Reality Check: Buy Versus Build for Laboratory Decision Support
Whitepaper | Ben Gold
Senior Director of Product, CareSelect®, Change Healthcare
Whitepaper | James Colbenson, MBA/MHA
Director of Commercialization, Value-Based Medicine for Mayo Clinical Laboratories
This paper is part two of a three-part series developed in collaboration with Mayo Clinic. The series provides an industry perspective on provider organizations’ laboratory environment and the challenges they are facing. If your organization is committed to uncovering the full potential of the clinical laboratory, contact Change Healthcare to learn how CareSelect Lab decision support can help with your lab stewardship program.
Practicing medicine today is more complex than ever. The menu of diagnostics, medications and treatments available to providers is continually expanding. Standards of care are shifting as guidelines grow and multiply. There are more options and more decisions for everyone–from practitioners to laboratory technicians to IT staff.
Electronic health records (EHRs), originally intended to organize options and lighten information overload for both patient and provider, have developed into sophisticated multi-featured tools, supported by entire departments and strongly impacting—if not actually driving—clinician workflows.
At the intersection of the EHR and provider choice lies clinical decision support (CDS). The benefits of clinical decision support are particularly important for clinical laboratories, given the laboratory’s central role in most diagnoses and treatments. By harnessing evidence-based guidelines to optimize test utilization, laboratories can reduce costs and strengthen care.1 Labs using evidence-based CDS are also better positioned to manage financial risk in a value-based environment.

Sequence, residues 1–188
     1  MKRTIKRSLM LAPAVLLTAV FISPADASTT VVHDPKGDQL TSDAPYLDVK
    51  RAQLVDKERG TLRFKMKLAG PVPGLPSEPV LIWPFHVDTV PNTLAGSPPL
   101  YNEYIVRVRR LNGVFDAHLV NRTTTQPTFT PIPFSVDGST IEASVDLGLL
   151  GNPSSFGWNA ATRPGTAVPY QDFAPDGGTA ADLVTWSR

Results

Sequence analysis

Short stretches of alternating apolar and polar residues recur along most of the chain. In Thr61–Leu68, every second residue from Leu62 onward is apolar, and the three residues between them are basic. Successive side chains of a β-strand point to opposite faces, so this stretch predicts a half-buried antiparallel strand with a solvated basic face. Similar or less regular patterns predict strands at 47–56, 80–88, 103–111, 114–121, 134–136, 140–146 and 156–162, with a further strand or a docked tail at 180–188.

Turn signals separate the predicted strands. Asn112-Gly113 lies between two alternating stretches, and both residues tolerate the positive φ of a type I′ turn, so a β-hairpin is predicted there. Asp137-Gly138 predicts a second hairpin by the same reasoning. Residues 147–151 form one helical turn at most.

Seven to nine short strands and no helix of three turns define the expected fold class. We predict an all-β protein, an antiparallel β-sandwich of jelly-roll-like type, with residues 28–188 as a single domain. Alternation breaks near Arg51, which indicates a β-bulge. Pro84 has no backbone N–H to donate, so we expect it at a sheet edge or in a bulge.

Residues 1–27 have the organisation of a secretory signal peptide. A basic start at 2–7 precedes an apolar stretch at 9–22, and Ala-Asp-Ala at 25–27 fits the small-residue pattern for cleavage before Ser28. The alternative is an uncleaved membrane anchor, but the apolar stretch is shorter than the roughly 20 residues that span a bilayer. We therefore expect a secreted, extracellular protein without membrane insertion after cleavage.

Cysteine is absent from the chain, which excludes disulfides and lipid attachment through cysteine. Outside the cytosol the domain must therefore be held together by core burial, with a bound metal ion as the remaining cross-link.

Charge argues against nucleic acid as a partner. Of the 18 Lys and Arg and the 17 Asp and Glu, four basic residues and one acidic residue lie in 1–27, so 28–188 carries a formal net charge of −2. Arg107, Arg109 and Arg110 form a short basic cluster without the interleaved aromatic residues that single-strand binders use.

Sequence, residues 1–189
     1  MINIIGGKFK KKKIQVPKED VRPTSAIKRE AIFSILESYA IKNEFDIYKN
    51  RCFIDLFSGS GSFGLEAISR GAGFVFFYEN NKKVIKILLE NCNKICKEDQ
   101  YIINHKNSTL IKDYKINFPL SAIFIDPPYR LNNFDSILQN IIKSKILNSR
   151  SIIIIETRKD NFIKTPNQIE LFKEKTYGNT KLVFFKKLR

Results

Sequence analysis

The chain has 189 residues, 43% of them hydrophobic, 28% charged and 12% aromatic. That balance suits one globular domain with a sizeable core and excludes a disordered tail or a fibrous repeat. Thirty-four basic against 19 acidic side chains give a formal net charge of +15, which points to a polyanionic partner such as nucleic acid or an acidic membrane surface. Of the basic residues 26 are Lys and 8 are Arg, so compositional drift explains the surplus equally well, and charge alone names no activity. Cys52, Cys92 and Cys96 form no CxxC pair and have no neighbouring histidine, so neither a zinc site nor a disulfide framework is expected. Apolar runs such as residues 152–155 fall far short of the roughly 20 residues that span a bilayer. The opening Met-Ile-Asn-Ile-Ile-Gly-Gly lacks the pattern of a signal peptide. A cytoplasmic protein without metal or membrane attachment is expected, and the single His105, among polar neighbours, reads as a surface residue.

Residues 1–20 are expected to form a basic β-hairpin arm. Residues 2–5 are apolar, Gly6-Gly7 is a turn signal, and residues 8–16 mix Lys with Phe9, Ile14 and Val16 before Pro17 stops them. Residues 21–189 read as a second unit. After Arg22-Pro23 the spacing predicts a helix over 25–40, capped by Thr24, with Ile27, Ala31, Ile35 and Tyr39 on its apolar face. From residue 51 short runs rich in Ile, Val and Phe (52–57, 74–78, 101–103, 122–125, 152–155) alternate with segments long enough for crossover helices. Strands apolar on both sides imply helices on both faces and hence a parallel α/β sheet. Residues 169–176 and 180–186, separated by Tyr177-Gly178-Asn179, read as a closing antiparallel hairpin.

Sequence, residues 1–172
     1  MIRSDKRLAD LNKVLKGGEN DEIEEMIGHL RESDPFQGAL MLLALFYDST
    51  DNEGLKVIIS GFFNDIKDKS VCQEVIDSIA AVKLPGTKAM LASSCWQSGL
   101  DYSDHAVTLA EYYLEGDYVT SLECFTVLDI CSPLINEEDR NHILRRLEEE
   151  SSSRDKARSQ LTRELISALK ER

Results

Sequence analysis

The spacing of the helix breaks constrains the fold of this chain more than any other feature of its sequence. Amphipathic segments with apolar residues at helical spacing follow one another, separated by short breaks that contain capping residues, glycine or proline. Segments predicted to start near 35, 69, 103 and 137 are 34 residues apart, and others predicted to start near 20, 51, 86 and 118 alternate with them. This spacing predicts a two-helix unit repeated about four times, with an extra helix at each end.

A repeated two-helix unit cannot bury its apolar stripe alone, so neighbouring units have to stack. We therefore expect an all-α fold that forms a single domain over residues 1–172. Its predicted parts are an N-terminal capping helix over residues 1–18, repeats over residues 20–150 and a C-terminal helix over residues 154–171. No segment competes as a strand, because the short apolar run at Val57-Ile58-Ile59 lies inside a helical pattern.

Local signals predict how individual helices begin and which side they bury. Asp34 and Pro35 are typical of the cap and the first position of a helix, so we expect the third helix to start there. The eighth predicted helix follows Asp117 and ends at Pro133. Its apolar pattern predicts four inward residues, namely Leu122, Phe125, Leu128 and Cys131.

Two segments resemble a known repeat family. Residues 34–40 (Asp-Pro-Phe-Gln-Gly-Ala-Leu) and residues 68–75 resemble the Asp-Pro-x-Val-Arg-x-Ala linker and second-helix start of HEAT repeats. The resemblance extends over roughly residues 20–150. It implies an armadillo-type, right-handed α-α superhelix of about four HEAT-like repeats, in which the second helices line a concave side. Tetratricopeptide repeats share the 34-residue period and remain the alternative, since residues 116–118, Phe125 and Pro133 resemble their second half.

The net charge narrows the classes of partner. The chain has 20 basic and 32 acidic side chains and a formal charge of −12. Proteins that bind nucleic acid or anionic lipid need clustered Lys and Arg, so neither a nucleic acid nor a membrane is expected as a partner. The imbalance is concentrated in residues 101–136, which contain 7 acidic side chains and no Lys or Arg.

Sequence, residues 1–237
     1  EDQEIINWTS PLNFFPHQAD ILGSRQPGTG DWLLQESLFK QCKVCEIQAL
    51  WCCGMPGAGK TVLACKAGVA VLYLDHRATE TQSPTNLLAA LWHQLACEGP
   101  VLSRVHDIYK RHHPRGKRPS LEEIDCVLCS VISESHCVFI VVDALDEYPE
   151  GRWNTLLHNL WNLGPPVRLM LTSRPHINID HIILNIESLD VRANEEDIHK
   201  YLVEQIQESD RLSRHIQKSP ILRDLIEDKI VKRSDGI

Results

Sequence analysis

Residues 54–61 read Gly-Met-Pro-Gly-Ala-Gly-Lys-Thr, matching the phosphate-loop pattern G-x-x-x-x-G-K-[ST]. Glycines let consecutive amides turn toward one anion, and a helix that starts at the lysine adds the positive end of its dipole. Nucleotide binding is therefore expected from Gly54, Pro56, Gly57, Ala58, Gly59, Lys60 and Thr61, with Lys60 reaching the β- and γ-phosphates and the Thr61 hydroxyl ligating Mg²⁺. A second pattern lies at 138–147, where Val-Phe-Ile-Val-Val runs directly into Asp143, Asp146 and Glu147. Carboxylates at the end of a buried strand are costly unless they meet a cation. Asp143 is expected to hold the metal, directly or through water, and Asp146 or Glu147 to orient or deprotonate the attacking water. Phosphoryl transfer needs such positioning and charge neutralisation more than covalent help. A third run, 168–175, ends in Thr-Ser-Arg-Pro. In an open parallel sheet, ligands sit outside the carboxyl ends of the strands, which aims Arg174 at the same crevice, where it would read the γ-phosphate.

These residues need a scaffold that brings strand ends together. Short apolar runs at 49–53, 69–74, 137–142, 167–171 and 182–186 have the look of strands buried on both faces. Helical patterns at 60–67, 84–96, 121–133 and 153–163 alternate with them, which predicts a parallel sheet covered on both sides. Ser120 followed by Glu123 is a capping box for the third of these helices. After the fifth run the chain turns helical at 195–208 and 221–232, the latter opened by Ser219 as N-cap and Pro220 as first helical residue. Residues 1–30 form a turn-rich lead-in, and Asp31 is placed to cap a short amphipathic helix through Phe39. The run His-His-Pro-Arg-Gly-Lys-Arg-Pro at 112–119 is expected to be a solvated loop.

This white paper is the second of a three-part series developed in collaboration with Mayo Clinic Laboratories and Change Healthcare. It is intended to assist clinical laboratories in rationalizing the laboratory’s value and relevance in ways that support appropriate and high-quality patient care, fiscal strength, and program integrity for payers.
The white paper series provides industry perspective, commentary, and insight on the use and value of decision support in building an effective lab stewardship program. It will also highlight case-study proof points developed in collaboration with Mayo Clinic from early-adopter hospital laboratories that have successfully implemented third-party decision support—to their value advantage.
Organizations must think critically and move carefully before initiating any decision-support projects, including those for laboratory systems. Laboratory stewardship—or the ability to actively manage testing utilization to improve outcomes and control costs—is essential to success in a valuebased environment.
With the increasing amount of information to be processed and options to be considered, adoption of evidence based CDS has become increasingly practical and necessary for today’s health systems. CDS is shown to improve quality, standardize care delivery, and help control costs. A recent study cites diagnostic yield was 38% higher for CT pulmonary angiography (CTPA) for the evaluation of pulmonary embolism when the provider used a CDS tool.2